Pay-outs to victims of clerical abuse have depleted the Church's cash store. At the same time, people aren't going to Mass, and if they're not going to Mass, they're not contributing during the Offertory.

Money goes out, but it's not coming in. Anyone can see what that means to a business enterprise with low-paid employees but high maintenance facilities.

It isn't only Dublin. Now comes word that the Cloyne diocese is also on the verge.

The coddling and protection offered to the clerical pedophiles by the Church hierarchy has outraged the faithful, but the bishops never did listen to them so now they speak a language that the Church can't help but hear.

Disgusted by the attitude, the lack of adherence to priestly vows and the basic tenets of Catholicism, people stay away from church in droves. There are those who do attend services, but refuse to put a cent into the collection basket.

The bishops got themselves into the mess, and hard-working Catholics aren't going to help get them out of it.

Attendance is down, collections are down, and it isn't a sign that people are too lazy to get out of bed on Sunday. It's the voice of the faithful, speaking out against an institution that long took them for granted.

Thursday, August 18, 2011

Take An Old Story, Tell It In A New Way

Debut author Kristen Wolf holds a Master's degree in creative writing, so she's been trained in the art of the sentence. Even so, she says she had a difficult time finding herself a publisher for her first novel.

All she did was to take an old story and tell it in a new way. It's the new way that created a bit of a snag. Ms. Wolf's debut novel, The Way, tells the story of Jesus...except Jesus is a woman.

It's a literary twist that has all the makings of a controversy. However, controversy creates buzz and buzz sells books, so we're good here.

Her reason for writing on such a topic?

Like so many Catholic women, she felt pushed off to the side by a male hierarchy that forbids a female to preach the gospel. The liturgy that Ms. Wolf followed was overrun by males, and the few females that were allowed into the story were heavily marginalized. After all, it was Mary Magdalene who was reduced to the role of repentant prostitute when the historical record holds an entirely different set of facts.

The author's imagination filled in the gaps of the "what if" scenario, and a novel was born. A retelling like this is fodder for book groups (those that actually discuss books rather than use the time to down a couple of pints). Debating the preachiness factor could fill a couple of hours with ease, and those who didn't read the book on time just might be compelled to finish it after all, to see what the fuss is about.

Write what you know. Add a unique twist.

And remember, there are more things known to you than you might realize at first glance. Sprinkle in a dash of imagination, and your next novel is already forming up in your head.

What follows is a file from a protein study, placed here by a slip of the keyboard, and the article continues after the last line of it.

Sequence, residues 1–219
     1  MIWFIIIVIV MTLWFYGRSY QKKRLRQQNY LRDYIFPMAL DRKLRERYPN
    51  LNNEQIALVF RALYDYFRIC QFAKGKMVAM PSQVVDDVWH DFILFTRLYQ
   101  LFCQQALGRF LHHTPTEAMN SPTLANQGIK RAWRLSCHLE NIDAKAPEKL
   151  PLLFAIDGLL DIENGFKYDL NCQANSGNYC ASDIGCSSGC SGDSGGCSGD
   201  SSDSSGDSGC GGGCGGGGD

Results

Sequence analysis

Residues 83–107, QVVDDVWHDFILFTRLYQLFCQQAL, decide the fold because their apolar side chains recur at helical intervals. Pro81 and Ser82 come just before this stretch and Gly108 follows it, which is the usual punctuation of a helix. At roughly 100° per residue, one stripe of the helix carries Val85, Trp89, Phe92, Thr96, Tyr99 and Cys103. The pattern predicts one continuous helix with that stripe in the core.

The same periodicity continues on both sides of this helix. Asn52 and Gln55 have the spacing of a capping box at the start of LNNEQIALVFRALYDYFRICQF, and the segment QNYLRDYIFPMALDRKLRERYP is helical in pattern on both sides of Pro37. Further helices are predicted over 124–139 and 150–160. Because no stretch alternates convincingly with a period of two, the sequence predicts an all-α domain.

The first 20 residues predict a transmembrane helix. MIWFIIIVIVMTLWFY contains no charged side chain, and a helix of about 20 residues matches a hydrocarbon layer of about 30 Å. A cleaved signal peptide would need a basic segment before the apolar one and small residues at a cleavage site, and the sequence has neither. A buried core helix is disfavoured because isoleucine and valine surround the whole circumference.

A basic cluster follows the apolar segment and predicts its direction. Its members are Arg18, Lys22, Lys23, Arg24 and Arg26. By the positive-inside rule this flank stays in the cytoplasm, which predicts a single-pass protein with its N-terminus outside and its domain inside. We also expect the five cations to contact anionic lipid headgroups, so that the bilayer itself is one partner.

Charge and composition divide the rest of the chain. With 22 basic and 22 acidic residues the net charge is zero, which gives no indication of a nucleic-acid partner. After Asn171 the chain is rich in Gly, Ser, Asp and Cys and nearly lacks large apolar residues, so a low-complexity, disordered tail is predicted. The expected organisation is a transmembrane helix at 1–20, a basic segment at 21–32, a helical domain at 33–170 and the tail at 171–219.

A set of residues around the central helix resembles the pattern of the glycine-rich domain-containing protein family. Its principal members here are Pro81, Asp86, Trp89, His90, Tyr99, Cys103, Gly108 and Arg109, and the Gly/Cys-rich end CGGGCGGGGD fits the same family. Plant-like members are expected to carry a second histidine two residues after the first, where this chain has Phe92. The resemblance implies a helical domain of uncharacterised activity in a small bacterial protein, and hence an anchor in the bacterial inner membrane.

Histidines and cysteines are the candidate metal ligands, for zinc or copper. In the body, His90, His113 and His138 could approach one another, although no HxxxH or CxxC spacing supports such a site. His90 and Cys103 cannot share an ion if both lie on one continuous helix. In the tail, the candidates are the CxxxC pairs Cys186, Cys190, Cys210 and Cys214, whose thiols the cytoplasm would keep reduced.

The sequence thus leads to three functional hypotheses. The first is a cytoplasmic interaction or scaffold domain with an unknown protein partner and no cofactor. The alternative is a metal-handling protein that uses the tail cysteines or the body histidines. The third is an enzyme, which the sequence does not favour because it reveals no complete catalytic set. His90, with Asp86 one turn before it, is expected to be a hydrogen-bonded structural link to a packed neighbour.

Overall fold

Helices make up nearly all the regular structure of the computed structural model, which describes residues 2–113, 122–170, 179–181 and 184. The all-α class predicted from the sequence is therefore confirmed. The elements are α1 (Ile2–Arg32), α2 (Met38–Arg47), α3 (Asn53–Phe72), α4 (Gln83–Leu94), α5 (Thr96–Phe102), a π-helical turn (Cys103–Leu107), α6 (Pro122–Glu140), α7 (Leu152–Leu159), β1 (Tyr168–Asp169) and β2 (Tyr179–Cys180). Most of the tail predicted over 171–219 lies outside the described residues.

Wednesday, August 17, 2011

Ready, Steady, Publish

Former literary agent turned Amazon publishing mogul Larry Kirshbaum has put his enterprise into motion.

His first offering from Amazon Publishing? Mr. Kirshbaum has snagged a self-help guru who's proven himself as a writer published by Crown.

Self-help has long been a popular genre, as evidenced by the many spin-offs from the old Oprah Winfrey talk show. Thanks to her, we have Dr. Oz and Dr. Phil et al. What better genre to open with, in that case?

Timothy Ferriss is the creator of the four-hour body and the four-hour workweek. Whether you live by his creed or mock his ideas, you can't deny that the man has sold books.

Reportedly, Mr. Ferriss is well-schooled in technology and knows how to use it to promote himself. All to the good for an Amazon author, who will need to do plenty of promotion to get the publishing venture off to a healthy start.

Amazon's foray into publishing has made a lot of traditional publishers nervous. After all, Amazon has deep pockets and a distribution network like no other. Those deep pockets might pay generous advances for popular authors, who would leave the likes of Random House or Houghton Mifflin Harcourt for Jeff Bezos' greener pastures. Such a scenario would be painful for the trad publishers, who often rely on income from big sellers to offset the loss on a bad gamble.

As for brick and mortar shops, some owners have said they won't carry Amazon published books because Amazon's might is crushing the life out of them. Why help the anaconda tighten its grip on your chest?

No one can predict what will happen to the publishing industry going forward. Amazon might end up like all the rest, with winners and losers, not enormously profitable but not going under. Perhaps more books will be published, giving readers a better selection and encouraging more literacy.

The system is evolving, and who can say who's the dinosaur and who's the fittest that's going to survive?

Tuesday, August 16, 2011